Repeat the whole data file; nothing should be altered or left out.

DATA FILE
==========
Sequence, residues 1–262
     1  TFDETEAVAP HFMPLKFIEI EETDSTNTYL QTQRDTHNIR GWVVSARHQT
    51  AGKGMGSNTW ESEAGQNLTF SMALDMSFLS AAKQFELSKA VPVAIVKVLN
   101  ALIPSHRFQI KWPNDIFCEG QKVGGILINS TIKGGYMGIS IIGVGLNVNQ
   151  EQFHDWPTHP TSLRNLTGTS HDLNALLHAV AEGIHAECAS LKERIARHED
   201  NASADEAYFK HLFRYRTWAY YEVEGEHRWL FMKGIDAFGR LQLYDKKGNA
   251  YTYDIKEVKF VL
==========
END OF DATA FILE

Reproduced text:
Sequence, residues 1–262
     1  TFDETEAVAP HFMPLKFIEI EETDSTNTYL QTQRDTHNIR GWVVSARHQT
    51  AGKGMGSNTW ESEAGQNLTF SMALDMSFLS AAKQFELSKA VPVAIVKVLN
   101  ALIPSHRFQI KWPNDIFCEG QKVGGILINS TIKGGYMGIS IIGVGLNVNQ
   151  EQFHDWPTHP TSLRNLTGTS HDLNALLHAV AEGIHAECAS LKERIARHED
   201  NASADEAYFK HLFRYRTWAY YEVEGEHRWL FMKGIDAFGR LQLYDKKGNA
   251  YTYDIKEVKF VL